Story about second jet, allegedly going to look for the first one and was allegedly shoot at, was launched by Bulent Arinc on Sunday evening. Don’t you find strange there was no mention of it during previous 48 hours?

        “And Turkish radar tracked the plane’s last movements, over international waters.”

        That’s what Turkey’s officials are saying now, it was not version in circulation until Davutoglu’s appearance on TV on Sunday.

        Impression I get from here (Turkey) is that it was a stupid accident and that it took Turkey’s officials almost 48 hours to decide (consulting intensively behind the curtain) what to do with it. Than they decided it was “an act of war”, and constructed story accordingly.

  18. Above Hurriyet Daily link didn’t work.

    Here’s my cut n’ paste version. link to hurriyetdailynews.com

    It says Art 5 was not pursued, and the plane was in Syrian airspace 5 minutes but had been well clear of it when shot at (a missile?). Other places I read this sort of airspace clipping with all the various islands was not uncommon.

    Think it needs to be considered that Syria may well be actively looking to provoke Turkey. I’d be willing to hypothesize Israel is keeping well away from where it could be used by al-assad to consolidate the people against some external foreign threat, in which case with Turkey they may be simply making do…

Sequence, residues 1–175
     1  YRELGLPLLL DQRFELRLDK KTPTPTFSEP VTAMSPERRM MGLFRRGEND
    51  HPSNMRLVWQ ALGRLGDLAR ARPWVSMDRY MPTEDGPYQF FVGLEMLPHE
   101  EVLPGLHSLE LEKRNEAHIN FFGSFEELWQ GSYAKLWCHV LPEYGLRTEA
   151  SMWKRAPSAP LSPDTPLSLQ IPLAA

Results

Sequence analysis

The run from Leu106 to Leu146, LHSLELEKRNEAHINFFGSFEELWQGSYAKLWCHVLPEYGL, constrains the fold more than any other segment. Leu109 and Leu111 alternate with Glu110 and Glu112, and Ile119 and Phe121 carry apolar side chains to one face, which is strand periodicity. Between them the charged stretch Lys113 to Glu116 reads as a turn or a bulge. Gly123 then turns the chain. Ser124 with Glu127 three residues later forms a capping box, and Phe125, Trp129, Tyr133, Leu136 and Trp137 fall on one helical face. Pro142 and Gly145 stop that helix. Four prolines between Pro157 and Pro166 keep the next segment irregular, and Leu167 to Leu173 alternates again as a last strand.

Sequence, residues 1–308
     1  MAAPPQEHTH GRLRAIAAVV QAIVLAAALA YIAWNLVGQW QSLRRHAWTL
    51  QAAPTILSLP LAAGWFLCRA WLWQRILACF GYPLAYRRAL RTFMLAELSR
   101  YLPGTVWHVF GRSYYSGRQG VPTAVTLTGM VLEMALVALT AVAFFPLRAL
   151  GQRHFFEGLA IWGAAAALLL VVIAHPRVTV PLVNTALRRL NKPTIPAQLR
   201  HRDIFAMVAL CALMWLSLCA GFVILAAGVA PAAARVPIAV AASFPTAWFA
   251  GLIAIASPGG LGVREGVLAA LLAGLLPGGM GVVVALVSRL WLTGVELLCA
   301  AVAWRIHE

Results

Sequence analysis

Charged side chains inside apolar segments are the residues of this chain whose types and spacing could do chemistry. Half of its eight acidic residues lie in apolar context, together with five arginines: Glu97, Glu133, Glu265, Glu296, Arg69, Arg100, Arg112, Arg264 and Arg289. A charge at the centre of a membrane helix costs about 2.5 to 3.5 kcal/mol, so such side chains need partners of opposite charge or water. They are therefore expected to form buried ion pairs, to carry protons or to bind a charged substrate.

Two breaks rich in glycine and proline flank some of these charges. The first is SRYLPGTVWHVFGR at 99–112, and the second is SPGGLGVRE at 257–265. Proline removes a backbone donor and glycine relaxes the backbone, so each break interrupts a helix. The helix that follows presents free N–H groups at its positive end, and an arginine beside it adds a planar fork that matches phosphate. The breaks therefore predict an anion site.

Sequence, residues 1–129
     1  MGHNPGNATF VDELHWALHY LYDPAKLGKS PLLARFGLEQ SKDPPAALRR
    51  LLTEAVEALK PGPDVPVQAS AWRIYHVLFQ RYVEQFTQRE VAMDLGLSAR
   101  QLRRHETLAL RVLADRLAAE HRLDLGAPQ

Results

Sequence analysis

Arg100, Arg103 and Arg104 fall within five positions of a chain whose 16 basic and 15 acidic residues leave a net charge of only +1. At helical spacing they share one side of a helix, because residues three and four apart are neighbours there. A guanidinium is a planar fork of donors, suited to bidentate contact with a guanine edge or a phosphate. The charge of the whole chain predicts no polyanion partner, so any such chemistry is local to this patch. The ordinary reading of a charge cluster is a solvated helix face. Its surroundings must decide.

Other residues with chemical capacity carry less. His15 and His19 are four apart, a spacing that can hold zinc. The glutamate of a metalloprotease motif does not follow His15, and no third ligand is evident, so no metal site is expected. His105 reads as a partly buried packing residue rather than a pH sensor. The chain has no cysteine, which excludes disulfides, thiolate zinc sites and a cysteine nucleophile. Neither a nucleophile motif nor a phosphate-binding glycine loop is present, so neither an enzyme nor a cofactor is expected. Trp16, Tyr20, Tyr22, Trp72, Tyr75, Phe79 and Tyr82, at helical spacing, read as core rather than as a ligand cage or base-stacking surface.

19. I think Juan’s comments are insightful. I just can’t help but think back to the Sledgehammer plot where a fighter jet was to deliberately violate Greek airspace in order to be shot down and call a diplomatic incident.

  20. Its seems obvious to me that NATO was checking was anyone at home, the answer was a resounding yes. Wonder though what made them think they should be checking this route into Syria. Turkey feeling the Bear nearby. This also another visible sign of the horrible trajedy that the Sykes-Pichot agreement brought to middle east. These flawed borders are being redrawn bit by bit.